However, the problem is that Li-S batteries have trouble maintaining their superiority beyond just a few recharge cycles. But a solution to that problem may have been found with new research.

The new approach, reported by in a recent edition of the American Chemical Society journal Applied Materials and Interfaces, shows that it can hold polysulfides in place, maintaining the battery’s impressive stamina, while reducing the overall weight and the time required to produce them.

“We have created freestanding porous titanium monoxide nanofiber mat as a cathode host material in lithium-sulfur batteries,” said Vibha Kalra, PhD, an associate professor in the College of Engineering who led the research.

img_0810

“This is a significant development because we have found that our titanium monoxide-sulfur cathode is both highly conductive and able to bind polysulfides via strong chemical interactions, which means it can augment the battery’s specific capacity while preserving its impressive performance through hundreds of cycles.

We can also demonstrate the complete elimination of binders and current collector on the cathode side that account for 30-50 percent of the electrode weight — and our method takes just seconds to create the sulfur cathode, when the current standard can take nearly half a day.”

img_0811

Please find the full report here: LINK
TiO Phase Stabilized into Free-Standing Nanofibers as Strong Polysulfide Immobilizer in Li-S Batteries: Evidence for Lewis Acid-Base Interactions
Arvinder Singh and Vibha Kalra

ACS Appl. Mater. Interfaces, Just Accepted Manuscript

DOI: 10.1021/acsami.8b11029

We report the stabilization of titanium monoxide (TiO) nanoparticles in nanofibers through electrospinning and carbothermal processes and their unique bi-functionality – high conductivity and ability to bind polysulfides – in Li-S batteries. The developed 3-D TiO/CNF architecture with the inherent inter-fiber macropores of nanofiber mats provides a much higher surface area (~427 m2 g-1) and overcomes the challenges associated with the use of highly dense powdered Ti-based suboxides/monoxide materials, thereby allowing for high active sulfur loading among other benefits.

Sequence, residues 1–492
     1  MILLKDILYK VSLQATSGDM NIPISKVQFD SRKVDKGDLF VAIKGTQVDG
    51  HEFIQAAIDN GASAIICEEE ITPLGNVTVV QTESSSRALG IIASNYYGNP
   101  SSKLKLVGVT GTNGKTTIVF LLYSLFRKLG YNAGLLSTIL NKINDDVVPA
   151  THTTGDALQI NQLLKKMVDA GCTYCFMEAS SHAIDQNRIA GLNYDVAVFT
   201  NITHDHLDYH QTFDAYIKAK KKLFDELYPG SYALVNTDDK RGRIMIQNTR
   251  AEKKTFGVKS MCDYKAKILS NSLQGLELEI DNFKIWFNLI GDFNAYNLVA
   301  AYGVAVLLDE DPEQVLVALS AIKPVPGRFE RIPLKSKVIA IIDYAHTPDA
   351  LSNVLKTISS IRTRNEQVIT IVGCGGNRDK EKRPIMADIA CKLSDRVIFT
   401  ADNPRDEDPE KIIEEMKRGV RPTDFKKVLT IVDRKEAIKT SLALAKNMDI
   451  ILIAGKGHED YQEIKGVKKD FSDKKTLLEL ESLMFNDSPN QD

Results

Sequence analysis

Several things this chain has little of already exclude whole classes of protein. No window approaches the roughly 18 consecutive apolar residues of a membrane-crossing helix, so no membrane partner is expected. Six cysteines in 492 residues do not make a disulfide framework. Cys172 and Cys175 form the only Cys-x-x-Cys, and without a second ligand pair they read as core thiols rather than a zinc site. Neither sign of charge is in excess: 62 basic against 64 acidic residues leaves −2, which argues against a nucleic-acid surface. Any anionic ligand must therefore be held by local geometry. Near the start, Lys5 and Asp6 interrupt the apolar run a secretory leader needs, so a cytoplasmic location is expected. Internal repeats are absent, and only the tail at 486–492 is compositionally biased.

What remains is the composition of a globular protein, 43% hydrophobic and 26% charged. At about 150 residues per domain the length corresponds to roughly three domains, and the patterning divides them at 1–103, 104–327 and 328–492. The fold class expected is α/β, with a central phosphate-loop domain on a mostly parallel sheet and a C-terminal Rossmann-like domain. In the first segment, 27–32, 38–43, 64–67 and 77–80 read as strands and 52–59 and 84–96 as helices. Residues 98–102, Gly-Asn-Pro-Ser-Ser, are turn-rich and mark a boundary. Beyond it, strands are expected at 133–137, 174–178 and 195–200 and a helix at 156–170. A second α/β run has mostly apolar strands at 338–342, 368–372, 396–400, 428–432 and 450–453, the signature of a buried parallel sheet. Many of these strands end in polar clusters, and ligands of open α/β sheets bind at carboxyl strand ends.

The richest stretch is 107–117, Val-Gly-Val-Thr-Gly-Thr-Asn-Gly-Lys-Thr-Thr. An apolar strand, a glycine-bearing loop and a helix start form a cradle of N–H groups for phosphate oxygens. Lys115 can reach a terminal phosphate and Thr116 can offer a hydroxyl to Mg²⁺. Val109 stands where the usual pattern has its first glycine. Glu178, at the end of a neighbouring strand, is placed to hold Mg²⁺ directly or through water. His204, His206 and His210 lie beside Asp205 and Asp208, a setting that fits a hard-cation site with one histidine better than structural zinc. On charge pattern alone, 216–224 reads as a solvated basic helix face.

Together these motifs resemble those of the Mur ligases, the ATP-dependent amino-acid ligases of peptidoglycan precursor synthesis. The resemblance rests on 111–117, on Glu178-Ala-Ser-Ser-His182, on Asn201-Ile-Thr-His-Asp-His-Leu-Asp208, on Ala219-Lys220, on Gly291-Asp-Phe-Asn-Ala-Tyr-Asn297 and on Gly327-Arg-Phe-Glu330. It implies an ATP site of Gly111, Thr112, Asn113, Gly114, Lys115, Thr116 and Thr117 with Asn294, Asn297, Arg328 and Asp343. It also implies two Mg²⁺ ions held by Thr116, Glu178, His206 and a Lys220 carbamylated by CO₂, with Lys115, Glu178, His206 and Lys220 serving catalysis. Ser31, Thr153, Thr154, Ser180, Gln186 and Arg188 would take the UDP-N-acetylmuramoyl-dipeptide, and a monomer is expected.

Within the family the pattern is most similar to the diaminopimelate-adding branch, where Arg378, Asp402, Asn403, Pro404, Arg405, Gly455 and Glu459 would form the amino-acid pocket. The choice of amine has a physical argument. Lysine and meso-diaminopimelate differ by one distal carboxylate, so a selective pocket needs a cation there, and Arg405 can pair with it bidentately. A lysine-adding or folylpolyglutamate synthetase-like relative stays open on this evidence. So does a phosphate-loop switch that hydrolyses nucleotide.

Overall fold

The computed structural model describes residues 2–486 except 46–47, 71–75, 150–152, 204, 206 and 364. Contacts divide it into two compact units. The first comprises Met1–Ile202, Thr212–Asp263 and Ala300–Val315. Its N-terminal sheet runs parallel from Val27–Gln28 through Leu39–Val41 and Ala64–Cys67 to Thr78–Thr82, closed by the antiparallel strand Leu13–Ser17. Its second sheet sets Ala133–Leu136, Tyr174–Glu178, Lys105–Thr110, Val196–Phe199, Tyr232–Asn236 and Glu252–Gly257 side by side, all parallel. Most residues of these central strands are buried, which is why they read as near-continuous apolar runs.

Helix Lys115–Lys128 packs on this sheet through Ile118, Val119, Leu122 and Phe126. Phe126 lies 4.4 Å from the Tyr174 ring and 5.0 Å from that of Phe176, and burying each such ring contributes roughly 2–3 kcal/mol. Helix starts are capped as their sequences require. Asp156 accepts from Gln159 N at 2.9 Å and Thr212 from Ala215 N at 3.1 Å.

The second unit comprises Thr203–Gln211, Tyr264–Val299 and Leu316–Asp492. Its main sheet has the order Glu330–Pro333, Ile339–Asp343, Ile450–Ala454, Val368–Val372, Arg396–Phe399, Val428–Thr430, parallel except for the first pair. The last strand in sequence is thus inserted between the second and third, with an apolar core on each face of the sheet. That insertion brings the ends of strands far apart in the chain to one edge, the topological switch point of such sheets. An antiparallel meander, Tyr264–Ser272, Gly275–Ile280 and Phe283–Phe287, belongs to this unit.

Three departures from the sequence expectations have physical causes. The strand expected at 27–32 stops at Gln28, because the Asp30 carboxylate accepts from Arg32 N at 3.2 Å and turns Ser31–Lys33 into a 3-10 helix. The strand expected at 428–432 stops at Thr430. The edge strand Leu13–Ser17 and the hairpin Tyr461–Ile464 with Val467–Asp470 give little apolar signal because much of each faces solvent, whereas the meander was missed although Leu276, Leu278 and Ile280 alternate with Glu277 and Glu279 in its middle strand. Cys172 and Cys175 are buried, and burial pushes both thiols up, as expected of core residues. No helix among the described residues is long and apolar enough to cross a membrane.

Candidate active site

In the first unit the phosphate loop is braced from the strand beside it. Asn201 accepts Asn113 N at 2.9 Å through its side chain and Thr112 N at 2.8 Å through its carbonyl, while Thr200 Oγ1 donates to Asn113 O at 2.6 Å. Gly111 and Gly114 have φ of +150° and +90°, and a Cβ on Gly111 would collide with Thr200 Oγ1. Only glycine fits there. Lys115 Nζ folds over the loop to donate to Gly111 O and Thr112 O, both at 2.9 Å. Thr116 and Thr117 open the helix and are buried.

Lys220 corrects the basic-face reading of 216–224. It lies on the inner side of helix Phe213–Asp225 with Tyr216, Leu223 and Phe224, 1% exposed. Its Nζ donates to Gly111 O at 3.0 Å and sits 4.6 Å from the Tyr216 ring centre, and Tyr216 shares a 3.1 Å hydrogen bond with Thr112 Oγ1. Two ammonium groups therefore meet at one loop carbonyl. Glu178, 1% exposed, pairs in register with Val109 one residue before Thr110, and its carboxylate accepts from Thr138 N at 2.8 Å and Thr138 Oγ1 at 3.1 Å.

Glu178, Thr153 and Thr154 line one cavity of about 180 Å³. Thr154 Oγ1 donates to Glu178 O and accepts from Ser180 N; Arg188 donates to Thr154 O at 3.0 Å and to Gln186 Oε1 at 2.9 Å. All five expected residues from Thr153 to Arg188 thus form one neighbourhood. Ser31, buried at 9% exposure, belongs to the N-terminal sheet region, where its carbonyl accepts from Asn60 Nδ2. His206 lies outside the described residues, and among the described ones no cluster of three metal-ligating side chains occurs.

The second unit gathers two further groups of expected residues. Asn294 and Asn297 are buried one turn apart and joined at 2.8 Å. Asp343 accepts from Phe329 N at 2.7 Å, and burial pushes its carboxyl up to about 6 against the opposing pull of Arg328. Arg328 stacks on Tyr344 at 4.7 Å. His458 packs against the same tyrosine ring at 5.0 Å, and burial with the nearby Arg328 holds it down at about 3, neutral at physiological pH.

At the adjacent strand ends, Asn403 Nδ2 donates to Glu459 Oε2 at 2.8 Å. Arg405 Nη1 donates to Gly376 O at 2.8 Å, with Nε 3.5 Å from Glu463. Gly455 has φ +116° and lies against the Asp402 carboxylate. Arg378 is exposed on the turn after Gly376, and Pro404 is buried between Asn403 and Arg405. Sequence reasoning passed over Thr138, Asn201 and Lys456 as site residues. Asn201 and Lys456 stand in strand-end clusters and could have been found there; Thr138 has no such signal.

The developed TiO/CNF-S cathodes exhibit high initial discharge capacities of ~1080 mAh g-1, ~975 mAh g-1, and ~791 mAh g-1 at 0.1C, 0.2C, and 0.5C rates, respectively with long term cycling. Furthermore, free-standing TiO/CNF-S cathodes developed with rapid sulfur melt infiltration (~5 sec) eradicate the need of inactive elements viz. binders, additional current collectors (Al-foil) and additives. Using postmortem XPS and Raman analysis, this study is the first to reveal the presence of strong Lewis acid-base interaction between TiO (3d2) and Sx2- through coordinate covalent Ti-S bond formation.

Our results highlight the importance of developing Ti-suboxides/monoxide based nanofibrous conducting polar host materials for next-generation Li-S batteries.

“Reprinted with permission from (DOI: 10.1021/acsami.8b11029). Copyright (2018) American Chemical Society.”

 

 

The Future Of Energy Isn’t Fossil Fuels Or Renewables, It’s Nuclear Fusion (Really?)


 

Co State Nuc Fussion 2Colorado State University scientists, using a compact but powerful laser to heat arrays of ordered nanowires, have demonstrated micro-scale nuclear fusion in the lab.